I would like to thank the IEA for today publishing my monograph, New Private Monies, which examines three contemporary cases of private monetary systems.
The first is the Liberty Dollar, a private mint operated by Bernard von NotHaus, whose currency became the second most widely used in the United States. It was highly successful and its precious metallic basis ensured it rose in value over time against the inflating greenback. In 2007, however, Uncle Sam shut it down, successfully charging von NotHaus with counterfeiting and sundry other offences. In reality, the Liberty Dollar was nothing like the greenback dollar. Nor could it be, as its purpose was to provide a superior dollar in open competition, not to pass itself off as the inferior dollar it was competing against, which has lost over 95 per cent of its value since the Federal Reserve was founded a century ago. For this public service of providing superior currency, Mr. von NotHaus is now potentially facing life in the federal slammer. As he put it:
‘This is the United States government. It’s got all the guns, all the surveillance, all the tanks, it has nuclear weapons, and it’s worried about some ex-surfer guy making his own money? Give me a break!’
The second case is e-gold, a private digital gold transfer business – a kind of private gold standard – run by Dr Doug Jackson out of Nevis in the Caribbean. By 2005, e-gold had risen to become second only to PayPal in the online payments industry. Jackson correctly argued that it was not covered by any existing US financial regulation, not just because of its offshore status but also because it was a payment system rather than a money transmitter or bank as then-defined, and not least because gold was not legally ‘money’. Yet despite its efforts to clarify its evolving regulatory and tax status, and despite helping them to catch some of the biggest cyber criminals then in operation, US law enforcement turned on the company: they trumped up charges of illegal money transmission and blackmailed its principals into a plea bargain.
Both these cases illustrate that there is a strong demand for private money and that the market can meet that demand and outcompete government monetary systems. Unfortunately, they also illustrate the perils of private money issuers operating out in the open where they are vulnerable to attack by the government. Perhaps they should operate undercover instead…
This takes us to the third case study: Bitcoin, a new type of currency known as crypto-currency, a self-regulating and highly anonymous computer currency based on the use of strong cryptography.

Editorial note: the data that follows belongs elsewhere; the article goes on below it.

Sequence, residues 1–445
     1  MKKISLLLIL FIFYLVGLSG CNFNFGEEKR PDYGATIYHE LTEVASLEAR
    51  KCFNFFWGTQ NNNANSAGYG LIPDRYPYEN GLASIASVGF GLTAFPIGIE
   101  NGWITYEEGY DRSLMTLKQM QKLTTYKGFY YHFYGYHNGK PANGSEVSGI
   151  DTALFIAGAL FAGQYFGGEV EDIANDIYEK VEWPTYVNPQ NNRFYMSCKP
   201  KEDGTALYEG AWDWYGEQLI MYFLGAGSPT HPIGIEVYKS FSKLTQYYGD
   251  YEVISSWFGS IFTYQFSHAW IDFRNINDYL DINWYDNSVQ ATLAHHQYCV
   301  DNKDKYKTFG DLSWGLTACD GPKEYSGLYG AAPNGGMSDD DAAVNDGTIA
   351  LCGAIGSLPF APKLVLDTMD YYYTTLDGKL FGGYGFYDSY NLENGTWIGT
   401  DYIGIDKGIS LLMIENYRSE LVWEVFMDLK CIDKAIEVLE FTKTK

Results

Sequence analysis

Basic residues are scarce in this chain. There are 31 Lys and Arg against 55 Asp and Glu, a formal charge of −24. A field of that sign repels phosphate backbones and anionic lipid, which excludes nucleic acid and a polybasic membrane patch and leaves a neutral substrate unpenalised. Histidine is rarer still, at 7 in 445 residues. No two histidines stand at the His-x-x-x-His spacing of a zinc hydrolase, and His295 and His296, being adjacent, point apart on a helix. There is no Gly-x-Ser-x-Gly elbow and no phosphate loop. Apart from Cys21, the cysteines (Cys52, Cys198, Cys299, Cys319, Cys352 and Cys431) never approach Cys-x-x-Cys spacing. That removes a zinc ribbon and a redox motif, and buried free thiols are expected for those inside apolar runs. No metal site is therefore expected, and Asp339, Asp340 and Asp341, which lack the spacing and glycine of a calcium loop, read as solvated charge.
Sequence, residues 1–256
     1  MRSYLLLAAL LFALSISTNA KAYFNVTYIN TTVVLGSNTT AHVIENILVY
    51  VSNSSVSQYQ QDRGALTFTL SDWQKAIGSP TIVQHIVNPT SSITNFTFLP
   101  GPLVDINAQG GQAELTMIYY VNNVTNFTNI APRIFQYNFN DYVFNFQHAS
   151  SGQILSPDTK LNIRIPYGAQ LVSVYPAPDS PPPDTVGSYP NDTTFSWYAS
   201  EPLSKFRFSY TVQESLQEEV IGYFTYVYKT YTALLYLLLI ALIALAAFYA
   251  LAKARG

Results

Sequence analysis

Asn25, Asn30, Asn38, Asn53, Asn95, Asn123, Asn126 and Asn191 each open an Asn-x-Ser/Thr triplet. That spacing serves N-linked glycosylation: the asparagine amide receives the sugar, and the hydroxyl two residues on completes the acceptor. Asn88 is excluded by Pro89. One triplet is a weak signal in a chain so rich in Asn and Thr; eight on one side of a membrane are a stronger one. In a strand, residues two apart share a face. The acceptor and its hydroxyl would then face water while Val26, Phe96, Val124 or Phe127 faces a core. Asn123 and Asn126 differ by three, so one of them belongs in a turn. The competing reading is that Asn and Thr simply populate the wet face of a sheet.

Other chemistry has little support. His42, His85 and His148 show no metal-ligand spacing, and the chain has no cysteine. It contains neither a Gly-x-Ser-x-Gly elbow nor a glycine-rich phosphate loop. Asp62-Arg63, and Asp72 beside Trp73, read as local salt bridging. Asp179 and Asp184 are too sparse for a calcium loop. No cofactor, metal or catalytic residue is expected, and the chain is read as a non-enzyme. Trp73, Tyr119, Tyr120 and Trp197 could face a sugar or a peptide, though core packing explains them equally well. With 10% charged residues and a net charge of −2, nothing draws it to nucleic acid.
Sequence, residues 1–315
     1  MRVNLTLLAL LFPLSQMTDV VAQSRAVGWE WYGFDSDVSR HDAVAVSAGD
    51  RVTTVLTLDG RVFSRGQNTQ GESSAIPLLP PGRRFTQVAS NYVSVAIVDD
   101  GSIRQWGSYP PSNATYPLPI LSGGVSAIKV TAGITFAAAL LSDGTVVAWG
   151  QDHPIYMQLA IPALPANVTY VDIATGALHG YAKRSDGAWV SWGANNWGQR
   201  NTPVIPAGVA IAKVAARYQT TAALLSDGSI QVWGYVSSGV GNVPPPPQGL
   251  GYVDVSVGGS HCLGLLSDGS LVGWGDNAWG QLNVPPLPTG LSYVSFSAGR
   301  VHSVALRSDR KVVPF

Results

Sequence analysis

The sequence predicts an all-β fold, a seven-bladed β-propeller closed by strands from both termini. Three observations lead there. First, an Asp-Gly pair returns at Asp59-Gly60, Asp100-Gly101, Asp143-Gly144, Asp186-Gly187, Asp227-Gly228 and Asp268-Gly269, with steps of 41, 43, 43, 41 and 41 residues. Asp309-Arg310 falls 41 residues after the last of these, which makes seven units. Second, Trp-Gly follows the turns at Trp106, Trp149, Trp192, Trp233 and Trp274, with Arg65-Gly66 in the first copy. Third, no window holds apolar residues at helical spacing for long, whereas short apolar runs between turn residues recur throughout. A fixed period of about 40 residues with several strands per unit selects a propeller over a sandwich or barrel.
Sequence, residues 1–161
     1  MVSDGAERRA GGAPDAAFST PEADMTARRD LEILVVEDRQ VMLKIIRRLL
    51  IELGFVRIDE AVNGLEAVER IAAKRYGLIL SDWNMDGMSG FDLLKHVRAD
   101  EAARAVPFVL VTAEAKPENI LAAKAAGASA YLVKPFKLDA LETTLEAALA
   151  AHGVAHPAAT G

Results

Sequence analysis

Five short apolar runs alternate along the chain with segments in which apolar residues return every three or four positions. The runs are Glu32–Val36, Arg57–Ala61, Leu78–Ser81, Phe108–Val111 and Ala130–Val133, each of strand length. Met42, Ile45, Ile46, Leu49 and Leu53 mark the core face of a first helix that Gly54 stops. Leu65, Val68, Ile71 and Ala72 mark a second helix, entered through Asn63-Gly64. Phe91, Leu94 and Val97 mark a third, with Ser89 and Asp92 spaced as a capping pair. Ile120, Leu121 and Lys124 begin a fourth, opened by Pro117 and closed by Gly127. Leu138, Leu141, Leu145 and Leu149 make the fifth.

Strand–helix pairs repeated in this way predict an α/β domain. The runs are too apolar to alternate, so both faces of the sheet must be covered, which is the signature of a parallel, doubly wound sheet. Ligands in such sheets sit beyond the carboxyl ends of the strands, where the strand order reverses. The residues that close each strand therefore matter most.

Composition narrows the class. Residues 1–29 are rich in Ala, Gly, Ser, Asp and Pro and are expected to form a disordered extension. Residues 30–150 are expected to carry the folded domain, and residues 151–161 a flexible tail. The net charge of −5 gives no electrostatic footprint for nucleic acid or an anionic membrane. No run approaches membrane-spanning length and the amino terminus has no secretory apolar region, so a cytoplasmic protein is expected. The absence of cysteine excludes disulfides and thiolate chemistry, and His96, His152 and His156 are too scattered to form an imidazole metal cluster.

To quote its designer, Satoshi Nakamoto:
‘The root problem with conventional currency is all the trust that is required to make it work. The central bank must be trusted not to debase the currency, but the history of fiat currencies is full of breaches of that trust…
‘Bitcoin’s solution is to use a peer-to-peer network to check for double-spending…the result is a distributed system with no single point of failure.’
Bitcoin is produced in a kind of electronic ‘mining’ process, in which successful ‘miners’ are rewarded with Bitcoin. The process is designed to ensure that the amounts produced are almost exactly known in advance. Since its inception in 2009, the demand for Bitcoin has skyrocketed, albeit in a very volatile way, forcing its price from 3 cents to (currently) just under $600. Perhaps the best-known use of Bitcoin has been on the dark web drugs market Silk Road, the ‘Amazon.com of illegal drugs’, but Bitcoin is increasingly popular for all manner of mundane legal uses as well.
Bitcoin is a wonderful innovation, but the pioneers in any industry are rarely the ones who last. Despite Bitcoin’s success to date, it is doubtful whether being the first mover is an advantage in the longer term: design flaws in the Bitcoin model are set in concrete and competitors can learn from them. The crypto-currency market is also an open one and a considerable number of competitors have since entered the field. Most of these will soon fail, but no-one can predict which will be best suited to the market and achieve long-run success. Most likely, Bitcoin will eventually be displaced by even better crypto-currencies.
Crypto-currencies have momentous ramifications. As one blogger put it:
‘As long as my encrypted [Bitcoin] wallet exists somewhere in the world, such as on an email account, I can walk across national borders with nothing on me and retrieve my wealth from anywhere in the world with an internet connection.’
This gives Bitcoin great potential as an internationally mobile store of value that offers a high degree of security against predatory governments. Bitcoin now fulfils the role once met by bank secrecy – the ability to protect one’s financial privacy.
There is no easy way in which the government can prevent the use of Bitcoin to evade its control. The combination of anonymity and independence means that governments cannot bring Bitcoin down by taking out particular individuals or organisations because the system has no single point of failure. They could shut down whatever sites they like, but the Bitcoin community would carry on.
Strong cryptography therefore offers the potential to swing the balance of power back from the state toward the individual. Censorship, prohibition, oppressive taxes and repression are being undermined as people increasingly escape into the cyphersphere where they can operate free from government harassment.
We now face the prospect of a peaceful crypto-anarchic society in which there is no longer any government role in the monetary system and, hopefully, no government at all.
Welcome to crypto-anarchy.
New Private Monies: A Bit-Part Player can be downloaded here.